Writing for Impact & Social Change
The landslides in Tibet this week filled the news with headlines like “China Landslide Toll Passes 1,000” and “More Rain Forecast for Flood-Stricken China.” What’s truly unfortunate about his story—in addition to the toll of human life and suffering—is that this calamity is a man-made disaster created by China.
Although the headlines focus on China, in fact this is the second calamity to also befall the people of Tibet. In April a 7.1 earthquake struck the Tibetan area of Yushu, Kham, and killed 2,698, according to official estimates. Unlike that natural disaster, this latest tragedy affecting the town of Drugchu (in the south-east of Kanlho in Gansu) could have been avoided.
As reported by Global Voices, the Tibetan poet Woeser coordinated a grassroots investigation into the event, revealing that hydro-electric power plants, mining, and deforestation all contributed to the disaster. Government research showed decades ago that the area was vulnerable to landslides, but officials ignored the warnings.
The devastated area is expected to receive yet more rainfall and officials are warning of further mudslides.
Steven D. Marshall and Susette Ternent Cooke, two investigators who put together “TIBET: Outside the TAR,” for Tibet Environmental Watch, an independent site that reports on Tibetan environmental concerns, also made a prescient analysis of the danger to human settlements:
Drugchu’s forests are not visible in the county town region, despite hints of a formerly heavier forest cover even in that district in the occasional patches of trees still standing isolated on high mountain ridges. The presence of an extensive Forestry Office compound in the town confirms the importance of the lumber industry here. This may be the biggest official unit compound in the town, consisting of several large modem buildings, transport space and residential accommodation, and recently awarded an imposing new gate. Clearly the county intends to invest what finances it has into this industry, one of its only potential sources of revenue.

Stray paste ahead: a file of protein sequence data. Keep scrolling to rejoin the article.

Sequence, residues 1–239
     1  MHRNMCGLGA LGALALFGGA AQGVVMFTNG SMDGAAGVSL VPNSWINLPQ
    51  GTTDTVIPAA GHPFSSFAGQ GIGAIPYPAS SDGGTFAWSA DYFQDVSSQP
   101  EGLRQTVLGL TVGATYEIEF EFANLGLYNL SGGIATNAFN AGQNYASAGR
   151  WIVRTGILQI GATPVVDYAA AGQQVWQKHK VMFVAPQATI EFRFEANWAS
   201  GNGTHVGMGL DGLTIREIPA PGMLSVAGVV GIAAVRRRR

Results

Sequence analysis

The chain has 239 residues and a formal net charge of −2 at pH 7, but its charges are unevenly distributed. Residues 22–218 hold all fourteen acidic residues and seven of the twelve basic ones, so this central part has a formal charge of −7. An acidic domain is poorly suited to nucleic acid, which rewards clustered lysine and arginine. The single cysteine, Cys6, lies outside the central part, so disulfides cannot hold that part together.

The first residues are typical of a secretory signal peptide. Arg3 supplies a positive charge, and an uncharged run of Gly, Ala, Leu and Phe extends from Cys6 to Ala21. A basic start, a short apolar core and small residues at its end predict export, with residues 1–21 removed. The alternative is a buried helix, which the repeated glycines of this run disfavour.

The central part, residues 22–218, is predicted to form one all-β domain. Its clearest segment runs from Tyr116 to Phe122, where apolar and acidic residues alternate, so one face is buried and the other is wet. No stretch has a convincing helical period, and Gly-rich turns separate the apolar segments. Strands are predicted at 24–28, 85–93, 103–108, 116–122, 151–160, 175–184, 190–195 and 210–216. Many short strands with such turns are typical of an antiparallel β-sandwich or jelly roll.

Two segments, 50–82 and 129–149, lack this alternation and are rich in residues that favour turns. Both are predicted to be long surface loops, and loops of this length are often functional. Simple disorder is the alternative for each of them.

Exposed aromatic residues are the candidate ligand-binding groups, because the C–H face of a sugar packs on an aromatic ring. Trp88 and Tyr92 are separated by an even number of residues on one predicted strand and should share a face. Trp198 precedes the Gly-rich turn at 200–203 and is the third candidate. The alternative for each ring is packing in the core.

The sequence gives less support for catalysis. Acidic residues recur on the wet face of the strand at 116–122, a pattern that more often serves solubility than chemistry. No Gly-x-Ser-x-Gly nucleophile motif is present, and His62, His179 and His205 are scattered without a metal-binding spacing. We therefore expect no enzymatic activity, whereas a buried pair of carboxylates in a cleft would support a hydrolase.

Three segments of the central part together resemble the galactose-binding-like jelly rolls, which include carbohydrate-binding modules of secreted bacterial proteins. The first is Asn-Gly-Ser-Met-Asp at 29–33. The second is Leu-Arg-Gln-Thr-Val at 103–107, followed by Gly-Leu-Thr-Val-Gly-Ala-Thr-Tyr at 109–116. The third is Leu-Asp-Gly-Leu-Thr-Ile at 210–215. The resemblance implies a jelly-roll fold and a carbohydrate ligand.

China’s “economic miracle” is coming at a very high price. It is fairly guaranteed that any so-called “act of God” in the region will have an element of human culpability contributing to loss of life and property.
The collapse of schools in the Sichuan earthquake of 2008 did not spur the government to investigate or improve construction standards—instead they jailed the investigator who tried to gather information behind the childrens’ deaths. As this latest tragedy continues to unfold and affect thousands, can we hope China’s reaction to be any different?